“In these areas there is often opposition to more housing development to meet growing demand, which contributes to prices rising. Geographical constraints, such as national parks and the ocean, also make it hard to house more people in some coastal towns,” he shares.

There is some evidence of demand spreading out to the neighbouring suburbs of more popular locations, Wiltshire reveals, such as in Launceston where prices experienced a strong incline following Hobart’s boom. However, “the main towns have seen the biggest prices rises” he says.

Although certain seaside locations in Queensland and New South Wales have had their hey-day of properties being snapped up by first-time home owners, there remain plenty affordable locations around the country that can offer the ‘great Aussie dream’ in a convenient location – only if seachangers are willing to broaden their options and see the town gradually flourish, as many have done before.

Edmonton in Queensland, a short 15-20 min car drive to Cairns city centre, holds a median house price of $369,500. Residents admire it for being a great suburb to raise a family, with many schools, local amenities and medical facilities in immediate reach, and all encased by a breathtaking mountain backdrop.

Similar sentiments can be shared for Marcoola, another new and emerging beachside town in Queensland that has grown in popularity amongst families and working professionals, albeit the median house price swinging a touch higher; a quick housing market search showing a 4-bedroom for $749,000 and a two-bedroom for $410,000.

If we refresh our search engines towards Western Australia, we can find seaside haven Mandurah, where residents can reach Perth within the hour, whilst still being able to sit on an affordable mortgage that hands-down a coastal view and outdoors lifestyle.

However, such places may not have reached their advantageous upscaling – the planning of new roads, construction of more housing, medical facility upgrades, and increased focus on community and social events – if it weren’t for the outside interest that had picked up momentum over time.

And as more towns are drawn to the cusp of urbanising, it’s not just about what seachangers can gain from residing in them, but what a younger demographic’s presence does to the region in itself.

“I think the social fabric of the community as well as the strength of the local economy is dependent on new people turning up from time to time,” says Rowena Skinner, principal strategic planner at Noosa Council.

“This includes young teachers, bank workers or police workers who get transferred to a town almost involuntarily, as well as people who actively choose to live there. They bring with them new ideas and experiences and cultures and share these with the existing community.”

In addition to a plethora of commendable council-led developments – all of which included choosing architectural designs that were to enhance rather than impede the natural landscape – Noosa Council is actively working towards broadening its economic base as a means to increase the number of well-paying, full-time jobs for residents. This includes propelling health, digital, environmental, education, and creative industries, as well as rural enterprises.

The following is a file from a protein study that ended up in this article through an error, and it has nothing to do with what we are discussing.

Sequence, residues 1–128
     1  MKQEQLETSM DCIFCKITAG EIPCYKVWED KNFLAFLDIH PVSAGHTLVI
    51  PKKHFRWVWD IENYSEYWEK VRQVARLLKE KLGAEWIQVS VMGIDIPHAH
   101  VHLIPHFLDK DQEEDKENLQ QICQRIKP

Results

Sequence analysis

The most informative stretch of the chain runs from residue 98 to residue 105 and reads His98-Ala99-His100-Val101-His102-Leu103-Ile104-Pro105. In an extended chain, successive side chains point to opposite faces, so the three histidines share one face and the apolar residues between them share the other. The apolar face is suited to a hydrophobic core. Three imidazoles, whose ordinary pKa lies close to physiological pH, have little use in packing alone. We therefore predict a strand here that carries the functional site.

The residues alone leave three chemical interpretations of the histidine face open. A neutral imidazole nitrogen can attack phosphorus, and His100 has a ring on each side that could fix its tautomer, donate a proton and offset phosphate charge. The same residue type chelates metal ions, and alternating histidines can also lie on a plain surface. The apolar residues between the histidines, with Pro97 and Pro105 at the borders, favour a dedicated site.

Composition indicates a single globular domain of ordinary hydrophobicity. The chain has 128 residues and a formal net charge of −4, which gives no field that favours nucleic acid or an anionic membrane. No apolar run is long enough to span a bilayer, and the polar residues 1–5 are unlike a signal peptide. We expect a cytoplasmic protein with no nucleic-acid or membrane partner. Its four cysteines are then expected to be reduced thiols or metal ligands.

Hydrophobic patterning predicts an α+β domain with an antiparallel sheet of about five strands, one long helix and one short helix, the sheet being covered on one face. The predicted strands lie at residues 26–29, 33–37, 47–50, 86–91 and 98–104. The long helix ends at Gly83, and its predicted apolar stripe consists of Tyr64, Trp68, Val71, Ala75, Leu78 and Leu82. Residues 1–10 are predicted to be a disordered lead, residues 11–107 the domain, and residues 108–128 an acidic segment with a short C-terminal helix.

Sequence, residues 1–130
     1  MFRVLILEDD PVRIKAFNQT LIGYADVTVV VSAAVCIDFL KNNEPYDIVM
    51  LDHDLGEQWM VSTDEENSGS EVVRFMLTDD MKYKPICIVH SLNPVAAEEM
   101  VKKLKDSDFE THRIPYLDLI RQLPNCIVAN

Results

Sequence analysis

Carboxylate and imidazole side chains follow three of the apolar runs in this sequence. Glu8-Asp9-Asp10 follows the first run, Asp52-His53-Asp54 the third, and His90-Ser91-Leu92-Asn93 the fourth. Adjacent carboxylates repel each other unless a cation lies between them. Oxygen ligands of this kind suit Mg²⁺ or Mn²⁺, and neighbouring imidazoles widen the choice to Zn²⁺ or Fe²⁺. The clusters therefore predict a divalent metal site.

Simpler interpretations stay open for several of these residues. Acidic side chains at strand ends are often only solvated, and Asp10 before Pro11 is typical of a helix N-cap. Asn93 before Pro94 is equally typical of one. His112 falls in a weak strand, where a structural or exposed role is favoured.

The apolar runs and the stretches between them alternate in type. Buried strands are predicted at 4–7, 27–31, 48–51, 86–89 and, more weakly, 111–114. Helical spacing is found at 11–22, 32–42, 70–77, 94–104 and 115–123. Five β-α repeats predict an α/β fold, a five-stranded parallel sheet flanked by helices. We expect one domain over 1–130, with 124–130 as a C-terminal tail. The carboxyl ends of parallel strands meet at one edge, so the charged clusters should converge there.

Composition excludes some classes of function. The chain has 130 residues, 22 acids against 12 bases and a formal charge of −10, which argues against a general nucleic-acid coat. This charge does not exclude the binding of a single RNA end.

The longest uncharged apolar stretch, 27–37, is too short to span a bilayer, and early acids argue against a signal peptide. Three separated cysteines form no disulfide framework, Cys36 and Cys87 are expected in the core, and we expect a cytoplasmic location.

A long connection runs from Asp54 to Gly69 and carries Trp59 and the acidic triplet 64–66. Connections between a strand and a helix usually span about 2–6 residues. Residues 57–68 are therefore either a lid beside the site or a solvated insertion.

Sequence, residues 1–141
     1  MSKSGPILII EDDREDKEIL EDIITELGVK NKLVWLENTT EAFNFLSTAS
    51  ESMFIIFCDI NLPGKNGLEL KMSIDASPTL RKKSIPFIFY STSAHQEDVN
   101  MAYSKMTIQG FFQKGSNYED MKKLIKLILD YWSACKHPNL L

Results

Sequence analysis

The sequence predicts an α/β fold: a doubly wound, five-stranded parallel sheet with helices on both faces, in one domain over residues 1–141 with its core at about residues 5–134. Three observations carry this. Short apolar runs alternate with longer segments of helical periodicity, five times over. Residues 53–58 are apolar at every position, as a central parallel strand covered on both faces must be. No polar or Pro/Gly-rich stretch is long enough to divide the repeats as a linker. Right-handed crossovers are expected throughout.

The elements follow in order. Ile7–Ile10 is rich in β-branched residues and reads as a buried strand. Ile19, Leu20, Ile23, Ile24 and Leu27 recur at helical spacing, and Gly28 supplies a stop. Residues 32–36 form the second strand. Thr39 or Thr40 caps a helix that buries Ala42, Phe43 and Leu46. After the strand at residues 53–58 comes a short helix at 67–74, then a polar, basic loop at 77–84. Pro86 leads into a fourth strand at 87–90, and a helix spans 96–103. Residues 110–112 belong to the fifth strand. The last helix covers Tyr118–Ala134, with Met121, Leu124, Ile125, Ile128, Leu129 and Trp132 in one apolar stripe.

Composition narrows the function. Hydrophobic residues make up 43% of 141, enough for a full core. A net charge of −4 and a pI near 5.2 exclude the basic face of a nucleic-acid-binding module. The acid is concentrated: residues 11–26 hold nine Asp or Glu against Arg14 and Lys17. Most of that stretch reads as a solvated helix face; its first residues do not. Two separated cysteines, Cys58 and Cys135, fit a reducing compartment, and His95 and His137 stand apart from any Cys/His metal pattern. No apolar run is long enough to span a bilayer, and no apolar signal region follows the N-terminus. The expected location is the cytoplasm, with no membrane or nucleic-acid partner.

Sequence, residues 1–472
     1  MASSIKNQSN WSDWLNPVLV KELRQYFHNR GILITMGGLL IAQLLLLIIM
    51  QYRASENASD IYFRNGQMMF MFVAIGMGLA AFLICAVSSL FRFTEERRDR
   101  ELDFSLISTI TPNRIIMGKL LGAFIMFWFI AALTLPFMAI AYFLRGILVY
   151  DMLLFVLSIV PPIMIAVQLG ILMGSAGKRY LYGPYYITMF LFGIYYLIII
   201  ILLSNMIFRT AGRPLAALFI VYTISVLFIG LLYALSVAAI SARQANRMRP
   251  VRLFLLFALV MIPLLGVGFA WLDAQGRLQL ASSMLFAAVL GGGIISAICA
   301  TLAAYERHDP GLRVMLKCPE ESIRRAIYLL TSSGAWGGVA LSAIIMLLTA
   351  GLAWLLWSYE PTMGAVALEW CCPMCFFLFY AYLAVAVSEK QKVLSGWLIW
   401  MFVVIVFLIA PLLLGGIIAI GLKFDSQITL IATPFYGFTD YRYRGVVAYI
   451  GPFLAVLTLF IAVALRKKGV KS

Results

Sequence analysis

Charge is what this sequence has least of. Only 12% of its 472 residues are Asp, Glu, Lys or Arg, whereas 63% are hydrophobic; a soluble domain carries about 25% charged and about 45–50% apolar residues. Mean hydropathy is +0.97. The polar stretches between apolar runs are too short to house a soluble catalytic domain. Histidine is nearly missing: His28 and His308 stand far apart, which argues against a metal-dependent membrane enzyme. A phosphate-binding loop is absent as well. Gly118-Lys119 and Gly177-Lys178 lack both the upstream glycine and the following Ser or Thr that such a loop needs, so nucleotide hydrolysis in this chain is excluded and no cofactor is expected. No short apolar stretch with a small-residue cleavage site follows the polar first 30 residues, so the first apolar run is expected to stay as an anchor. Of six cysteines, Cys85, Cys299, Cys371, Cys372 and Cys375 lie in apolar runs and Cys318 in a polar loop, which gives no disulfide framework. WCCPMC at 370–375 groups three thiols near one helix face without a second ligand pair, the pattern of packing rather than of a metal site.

But as coastal towns put their planning and development efforts into full-swing, CBD based companies could provide for the difference by embracing areas in which employees can work remotely, outside of a major city.

Skinner shares there are still many people who have to commute for jobs beyond the Noosa Shire, whilst those who have an online income or their own business reap more advantage. Having recognised this, Noosa Council implemented “friendly co-working spaces and business development networks that support people starting up and running their own small business”.

A strategic move considering the number of Aussies operating their own businesses experienced a 3.4% increase between June 2017 and June 2018, ‘representing the fifth consecutive year of growth of businesses in the Australian economy’, according to recent findings released by the ABS.

As coastal towns look to open more jobs, and assist working professionals in up-lifting or starting their own businesses, how will the property markets of major cities be affected?

“Jobs growth is becoming more concentrated in our capital cities, particularly knowledge-intensive jobs, so demand for housing in major capital cities is growing,” Domain economist Wiltshire says.

And although such jobs could be done remotely, he says there hasn’t been as much growth in remote working as there has been a rise in flexible working; employees being able to work one or two days from home.

“A more even distribution of Australia’s population will take pressure off the major cities, but this is only going to have a small impact,” he says.